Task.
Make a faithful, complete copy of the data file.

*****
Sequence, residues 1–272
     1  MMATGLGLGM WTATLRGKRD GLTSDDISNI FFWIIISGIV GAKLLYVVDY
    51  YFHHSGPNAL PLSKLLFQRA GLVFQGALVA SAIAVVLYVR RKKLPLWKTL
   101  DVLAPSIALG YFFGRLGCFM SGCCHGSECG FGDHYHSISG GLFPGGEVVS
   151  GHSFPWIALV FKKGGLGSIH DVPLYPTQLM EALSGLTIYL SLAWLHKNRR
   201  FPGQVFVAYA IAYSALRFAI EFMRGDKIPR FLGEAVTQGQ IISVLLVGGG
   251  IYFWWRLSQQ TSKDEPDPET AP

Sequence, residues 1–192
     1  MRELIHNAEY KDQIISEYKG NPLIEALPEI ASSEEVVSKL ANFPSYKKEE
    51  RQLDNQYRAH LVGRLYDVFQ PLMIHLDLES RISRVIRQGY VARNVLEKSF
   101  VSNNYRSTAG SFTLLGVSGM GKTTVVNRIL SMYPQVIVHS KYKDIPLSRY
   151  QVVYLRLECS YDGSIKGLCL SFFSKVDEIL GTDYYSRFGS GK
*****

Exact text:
Sequence, residues 1–272
     1  MMATGLGLGM WTATLRGKRD GLTSDDISNI FFWIIISGIV GAKLLYVVDY
    51  YFHHSGPNAL PLSKLLFQRA GLVFQGALVA SAIAVVLYVR RKKLPLWKTL
   101  DVLAPSIALG YFFGRLGCFM SGCCHGSECG FGDHYHSISG GLFPGGEVVS
   151  GHSFPWIALV FKKGGLGSIH DVPLYPTQLM EALSGLTIYL SLAWLHKNRR
   201  FPGQVFVAYA IAYSALRFAI EFMRGDKIPR FLGEAVTQGQ IISVLLVGGG
   251  IYFWWRLSQQ TSKDEPDPET AP

Sequence, residues 1–192
     1  MRELIHNAEY KDQIISEYKG NPLIEALPEI ASSEEVVSKL ANFPSYKKEE
    51  RQLDNQYRAH LVGRLYDVFQ PLMIHLDLES RISRVIRQGY VARNVLEKSF
   101  VSNNYRSTAG SFTLLGVSGM GKTTVVNRIL SMYPQVIVHS KYKDIPLSRY
   151  QVVYLRLECS YDGSIKGLCL SFFSKVDEIL GTDYYSRFGS GK